It is common knowledge that joint-stock firms serve as an important and legitimate company structure. Their unique ability to let anyone to invest in and take part in the administration of a firm makes them an essential element of the global economy. This article will examine the background, features, and legal framework of Czech legislation concerning joint-stock enterprises.
Historical Development of Joint-Stock Companies
Origins of Joint-Stock Companies
The ancient Greeks, Romans, and Chinese all used joint-stock firms to run their businesses. Cities throughout the Middle Ages saw the emergence of organisations with features reminiscent of current joint-stock businesses. The Dutch East India Company, founded in 1602, was essential in the idea’s development. The Dutch government allowed this firm a monopoly on commerce, and its early owners were able to partake in the company’s earnings and sell their shares on the stock market.
Early Joint-Stock Companies in Czech Republic
The Czech Republic is also home to the idea of joint-stock enterprises. In 1792, the KK Privilegirte Zucker-Raffinerie zu Königsaal bey Prag opened as one of the first recognised businesses. Zbraslav Sugar Refinery, located close to Prague, was one of the earliest examples of a regional joint-stock business. The Prague Joint Stock Steamboat Company, founded in 1822, was only one of several subsequent initiatives in a variety of disciplines.
Historical Legal Regulation
The legal position of joint-stock enterprises throughout Czech history has experienced several rules. The basic structure was established in 1852 with the Law on Societies, and in 1899 the ministerial rule known as Akciov regulativem was enacted. However, from 1950 and 1990, a patchwork Act No. 243/1949 Coll. governed joint-stock firms; this law was revised as a result of a change in political government in 1990. Since then, joint-stock firms have been controlled by the Commercial Code and, as of January 1, 2014, the Business Corporations Act.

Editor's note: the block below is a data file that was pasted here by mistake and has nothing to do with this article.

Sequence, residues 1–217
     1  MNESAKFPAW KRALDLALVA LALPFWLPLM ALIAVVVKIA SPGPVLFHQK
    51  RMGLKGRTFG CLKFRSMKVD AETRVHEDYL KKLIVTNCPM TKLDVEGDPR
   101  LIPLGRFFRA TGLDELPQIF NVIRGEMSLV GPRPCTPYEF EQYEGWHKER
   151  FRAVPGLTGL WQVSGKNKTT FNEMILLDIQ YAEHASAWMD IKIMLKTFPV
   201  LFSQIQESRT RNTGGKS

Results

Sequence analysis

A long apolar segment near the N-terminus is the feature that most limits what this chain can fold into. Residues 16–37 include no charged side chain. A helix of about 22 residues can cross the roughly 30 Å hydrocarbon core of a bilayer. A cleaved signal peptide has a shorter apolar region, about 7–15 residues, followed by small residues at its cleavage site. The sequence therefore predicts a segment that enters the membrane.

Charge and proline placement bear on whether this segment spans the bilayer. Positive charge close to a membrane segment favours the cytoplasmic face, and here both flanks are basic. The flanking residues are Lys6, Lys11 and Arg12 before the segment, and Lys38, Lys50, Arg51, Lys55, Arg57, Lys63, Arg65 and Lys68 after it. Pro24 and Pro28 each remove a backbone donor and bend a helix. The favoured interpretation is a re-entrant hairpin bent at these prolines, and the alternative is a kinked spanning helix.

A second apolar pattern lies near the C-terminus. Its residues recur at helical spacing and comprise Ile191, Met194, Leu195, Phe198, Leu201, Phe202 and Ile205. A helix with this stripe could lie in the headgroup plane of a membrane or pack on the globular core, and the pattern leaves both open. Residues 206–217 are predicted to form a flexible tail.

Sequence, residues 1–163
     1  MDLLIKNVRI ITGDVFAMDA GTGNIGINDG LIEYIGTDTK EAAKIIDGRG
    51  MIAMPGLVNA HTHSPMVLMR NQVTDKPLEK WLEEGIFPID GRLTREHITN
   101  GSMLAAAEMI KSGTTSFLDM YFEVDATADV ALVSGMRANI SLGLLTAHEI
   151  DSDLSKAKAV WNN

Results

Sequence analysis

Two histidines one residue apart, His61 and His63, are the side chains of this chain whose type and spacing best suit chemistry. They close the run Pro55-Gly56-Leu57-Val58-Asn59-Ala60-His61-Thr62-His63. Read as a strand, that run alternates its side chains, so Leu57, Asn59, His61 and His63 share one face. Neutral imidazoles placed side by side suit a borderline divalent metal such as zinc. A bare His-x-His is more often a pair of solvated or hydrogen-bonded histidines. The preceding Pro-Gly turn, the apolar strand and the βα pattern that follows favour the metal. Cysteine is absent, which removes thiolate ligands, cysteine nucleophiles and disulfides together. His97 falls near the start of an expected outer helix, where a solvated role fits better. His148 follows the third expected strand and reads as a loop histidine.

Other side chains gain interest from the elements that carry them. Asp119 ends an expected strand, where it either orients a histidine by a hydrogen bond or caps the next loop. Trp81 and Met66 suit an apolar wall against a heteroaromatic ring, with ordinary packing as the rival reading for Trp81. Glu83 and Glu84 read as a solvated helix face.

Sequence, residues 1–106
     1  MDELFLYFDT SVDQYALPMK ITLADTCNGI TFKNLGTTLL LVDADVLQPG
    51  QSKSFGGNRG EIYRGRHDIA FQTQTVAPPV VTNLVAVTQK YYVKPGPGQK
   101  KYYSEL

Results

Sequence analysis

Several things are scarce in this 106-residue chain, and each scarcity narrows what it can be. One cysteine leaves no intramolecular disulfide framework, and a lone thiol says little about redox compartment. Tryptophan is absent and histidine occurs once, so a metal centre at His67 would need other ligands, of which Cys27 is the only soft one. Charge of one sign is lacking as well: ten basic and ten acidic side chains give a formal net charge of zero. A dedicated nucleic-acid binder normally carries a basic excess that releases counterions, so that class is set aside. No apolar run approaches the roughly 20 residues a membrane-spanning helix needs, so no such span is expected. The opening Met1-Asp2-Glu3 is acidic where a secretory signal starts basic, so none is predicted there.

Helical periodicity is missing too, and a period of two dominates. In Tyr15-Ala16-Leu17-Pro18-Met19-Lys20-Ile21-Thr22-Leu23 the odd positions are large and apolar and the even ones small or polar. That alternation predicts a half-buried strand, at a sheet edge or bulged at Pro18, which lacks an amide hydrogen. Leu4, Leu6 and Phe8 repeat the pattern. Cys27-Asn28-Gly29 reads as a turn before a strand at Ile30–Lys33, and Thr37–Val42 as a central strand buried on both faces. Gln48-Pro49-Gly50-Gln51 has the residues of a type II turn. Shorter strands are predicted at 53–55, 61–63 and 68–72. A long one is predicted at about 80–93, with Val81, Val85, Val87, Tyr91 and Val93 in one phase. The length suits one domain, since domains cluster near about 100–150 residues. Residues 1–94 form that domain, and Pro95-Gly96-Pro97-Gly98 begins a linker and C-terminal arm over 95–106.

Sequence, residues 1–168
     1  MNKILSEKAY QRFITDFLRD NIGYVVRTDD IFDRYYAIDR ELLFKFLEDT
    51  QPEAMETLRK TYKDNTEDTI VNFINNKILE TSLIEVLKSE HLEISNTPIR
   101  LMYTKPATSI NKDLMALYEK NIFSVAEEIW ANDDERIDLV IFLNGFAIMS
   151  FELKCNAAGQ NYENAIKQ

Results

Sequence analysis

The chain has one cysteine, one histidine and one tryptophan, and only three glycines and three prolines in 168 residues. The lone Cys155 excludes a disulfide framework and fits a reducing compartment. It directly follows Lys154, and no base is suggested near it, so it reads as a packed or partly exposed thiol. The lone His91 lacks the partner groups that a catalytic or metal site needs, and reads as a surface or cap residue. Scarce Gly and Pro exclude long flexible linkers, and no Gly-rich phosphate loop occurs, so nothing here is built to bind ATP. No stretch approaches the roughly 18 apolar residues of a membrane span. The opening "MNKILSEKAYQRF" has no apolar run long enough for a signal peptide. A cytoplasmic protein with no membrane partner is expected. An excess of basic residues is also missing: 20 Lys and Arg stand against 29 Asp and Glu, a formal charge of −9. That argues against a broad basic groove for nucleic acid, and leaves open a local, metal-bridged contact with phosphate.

Characteristics of Joint-Stock Companies in Czech Law
Legal Entity with Limited Liability
Under Czech law, a joint-stock corporation is a separate entity whose board of directors serves as its legal representation. Shareholders’ financial exposure is capped at their total investment. The shareholders of a corporation are not individually responsible for the debts or losses of the corporation. The restricted liability of joint-stock businesses is a key characteristic that safeguards investor capital.
A joint-stock company’s shares are a representation of ownership in the company’s capital. Shareholders, also known as stockholders, have certain privileges, such as voting power and the opportunity to receive dividend payments from the company’s earnings. Shareholder involvement and good corporate governance rely heavily on these rights and the responsibilities that come with them.
Shares in a joint-stock business trade on the open market, where their value rises and falls according to supply and demand. This indicates that there is a high degree of volatility in both the total value of the company and the value of each shareholder’s stake. Joint-stock firms rely heavily on the stock market since it is the primary factor in determining the value of shares.
Joint-stock enterprises were obligated to set up a loss reserve fund before 2014. However, this mandate has been lifted, and reserve funds are now entirely optional for businesses. This modification reflects the dynamic nature of Czech law regarding joint-stock businesses.
Foundation and Formation of Joint-Stock Companies